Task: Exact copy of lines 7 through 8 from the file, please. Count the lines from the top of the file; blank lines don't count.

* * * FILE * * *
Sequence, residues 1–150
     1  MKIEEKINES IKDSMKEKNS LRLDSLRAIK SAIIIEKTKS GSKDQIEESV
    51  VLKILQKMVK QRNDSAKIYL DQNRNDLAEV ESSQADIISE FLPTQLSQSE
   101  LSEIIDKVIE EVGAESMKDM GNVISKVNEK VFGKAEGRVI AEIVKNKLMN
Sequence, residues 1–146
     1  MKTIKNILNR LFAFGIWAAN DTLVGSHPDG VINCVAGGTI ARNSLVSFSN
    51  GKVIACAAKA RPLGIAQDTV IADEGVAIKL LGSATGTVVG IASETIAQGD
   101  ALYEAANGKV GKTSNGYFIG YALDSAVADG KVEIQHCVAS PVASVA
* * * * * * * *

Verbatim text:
    51  GKVIACAAKA RPLGIAQDTV IADEGVAIKL LGSATGTVVG IASETIAQGD
   101  ALYEAANGKV GKTSNGYFIG YALDSAVADG KVEIQHCVAS PVASVA